He's only fifth in usage rate on his own Kentucky team in fact, being mostly relegated to living off the scraps created for him by others. Davis gets the overwhelming majority of his touches playing off the ball—be it cutting to the rim, crashing the offensive glass, running the floor in transition, or as a pick and roll finisher. According to Synergy Sports Technology, only 20% of his offense comes off post-up, spot-up or isolation plays, which makes sense considering those are the areas he struggles in the most.
While Davis plays a simple role for Kentucky, he's arguably the most efficient offensive player in college basketball, converting an amazing 67% of his 2-point attempts (which ranks in the top 15 in our database in the past decade) and turning the ball over on just 9% of his possessions. He's one of the best finishers we've seen in recent years, making nearly 80% of his non-post-up attempts around the basket.
His tremendous length, outstanding hands, explosive leaping ability and terrific timing make him a ideal target for lobs. When Kentucky needs a high percentage shot, all they need to do is simply put Davis in position to jump over the defense and get him the ball in the general vicinity of the rim. He'll take care of the rest.
Davis doesn't usually even need to gather himself, as he can jump off two feet from a standstill and still get his hands above the square. What's scary about plays like this is how nonchalantly and effortlessly he executes them. While he's an extremely quick jumper, he gets up so high that he can seemingly hang in the air for a moment, reel in a poorly thrown pass, and still find a way to throw the ball in with two hands. All things considered, it's easy to see why he ranks #1 in the NCAA in dunks. As the season has moved on, his teammates have done a better and better job of looking for him.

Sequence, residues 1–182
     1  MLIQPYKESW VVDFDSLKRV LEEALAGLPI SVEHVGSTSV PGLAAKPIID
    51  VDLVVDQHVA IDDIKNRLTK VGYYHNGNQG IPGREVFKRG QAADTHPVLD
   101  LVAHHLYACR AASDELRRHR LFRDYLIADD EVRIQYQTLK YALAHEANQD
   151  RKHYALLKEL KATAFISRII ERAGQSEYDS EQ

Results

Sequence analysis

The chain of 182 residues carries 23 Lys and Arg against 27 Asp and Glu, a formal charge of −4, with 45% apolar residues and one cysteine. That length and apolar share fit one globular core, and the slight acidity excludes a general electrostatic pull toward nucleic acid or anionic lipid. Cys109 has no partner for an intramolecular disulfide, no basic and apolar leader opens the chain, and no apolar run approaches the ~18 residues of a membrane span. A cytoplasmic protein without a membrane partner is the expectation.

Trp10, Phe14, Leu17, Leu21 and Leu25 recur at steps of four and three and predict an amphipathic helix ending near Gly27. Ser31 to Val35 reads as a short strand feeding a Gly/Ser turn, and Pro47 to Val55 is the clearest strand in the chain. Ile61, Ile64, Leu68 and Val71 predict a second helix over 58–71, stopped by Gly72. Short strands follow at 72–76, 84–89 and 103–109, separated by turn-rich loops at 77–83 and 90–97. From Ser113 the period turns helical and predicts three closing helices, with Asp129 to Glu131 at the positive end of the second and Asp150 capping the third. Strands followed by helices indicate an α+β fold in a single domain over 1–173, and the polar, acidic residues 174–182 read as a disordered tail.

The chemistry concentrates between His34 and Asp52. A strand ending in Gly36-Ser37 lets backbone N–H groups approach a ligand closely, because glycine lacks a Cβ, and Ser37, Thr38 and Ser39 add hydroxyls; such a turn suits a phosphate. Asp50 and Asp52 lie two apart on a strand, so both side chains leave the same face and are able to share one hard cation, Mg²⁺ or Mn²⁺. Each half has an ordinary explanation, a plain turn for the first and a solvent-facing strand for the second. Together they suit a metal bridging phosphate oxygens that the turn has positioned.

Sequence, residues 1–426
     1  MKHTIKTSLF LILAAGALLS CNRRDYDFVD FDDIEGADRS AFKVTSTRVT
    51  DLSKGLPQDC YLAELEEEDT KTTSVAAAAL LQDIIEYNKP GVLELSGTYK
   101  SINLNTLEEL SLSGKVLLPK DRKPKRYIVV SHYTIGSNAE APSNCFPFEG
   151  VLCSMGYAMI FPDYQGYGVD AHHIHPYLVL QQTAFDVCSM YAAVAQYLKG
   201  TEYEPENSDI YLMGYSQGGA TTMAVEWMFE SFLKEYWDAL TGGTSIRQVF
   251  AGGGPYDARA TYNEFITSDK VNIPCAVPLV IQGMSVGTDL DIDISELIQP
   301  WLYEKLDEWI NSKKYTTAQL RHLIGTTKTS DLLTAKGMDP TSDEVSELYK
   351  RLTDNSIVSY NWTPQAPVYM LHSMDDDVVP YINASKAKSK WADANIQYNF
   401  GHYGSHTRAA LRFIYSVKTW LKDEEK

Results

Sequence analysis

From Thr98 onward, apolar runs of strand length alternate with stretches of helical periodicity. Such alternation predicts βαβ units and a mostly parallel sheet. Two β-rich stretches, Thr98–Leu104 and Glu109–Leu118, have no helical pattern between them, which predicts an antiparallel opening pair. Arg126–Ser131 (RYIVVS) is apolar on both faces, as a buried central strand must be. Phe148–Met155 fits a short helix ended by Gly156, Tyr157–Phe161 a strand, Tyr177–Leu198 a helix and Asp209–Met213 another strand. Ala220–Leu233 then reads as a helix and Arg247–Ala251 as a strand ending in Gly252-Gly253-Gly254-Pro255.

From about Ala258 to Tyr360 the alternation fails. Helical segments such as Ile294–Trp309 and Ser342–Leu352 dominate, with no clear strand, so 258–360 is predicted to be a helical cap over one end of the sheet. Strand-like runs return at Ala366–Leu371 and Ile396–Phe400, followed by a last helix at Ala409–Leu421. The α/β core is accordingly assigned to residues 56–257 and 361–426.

Davis also shows good potential on the offensive glass, even if he's far from being the most productive prospect in this category at “just” 3.9 caroms per-40. Thanks again to his length, motor, timing, quickness and explosiveness, he's capable of going well out of his area for loose balls, often snatching away rebounds he seemingly has no business getting to.
What separates him from other prolific offensive rebounders is the rate in which he's able to convert these into scoring opportunities. The 87 points he's generated through the offensive glass in 26 games thus far is more than any other player in college basketball in fact after Kevin Jones (who, at 114 points, leads this category by a huge margin).
The reason for that lies beyond Davis' ability to simply catch the ball and explode immediately for a dunk before the defense recovers—which is impressive in its own right. He also has excellent timing and touch on his tip-ins and put-backs. If he can just get a couple of fingertips on the ball coming off the rim, he can usually find a way to guide it into the basket.
With that said, Davis is still a fairly raw prospect in many facets offensively, giving him a considerable amount of room for growth as he continues to develop. If an opposing defense can force him to take a jump-shot, put the ball on the floor, or attempt to score in a post up situation, they have a more than three times better chance of stopping him than if he simply catches the ball in the paint in position to finish.
That doesn't jive very well with the "he grew 8 inches in one year and used to be a point guard!" part of his narrative you often hear on national TV broadcasts, but the truth is he rarely dribbles or takes a shot outside five feet, and isn't overly successful at the moment when he does.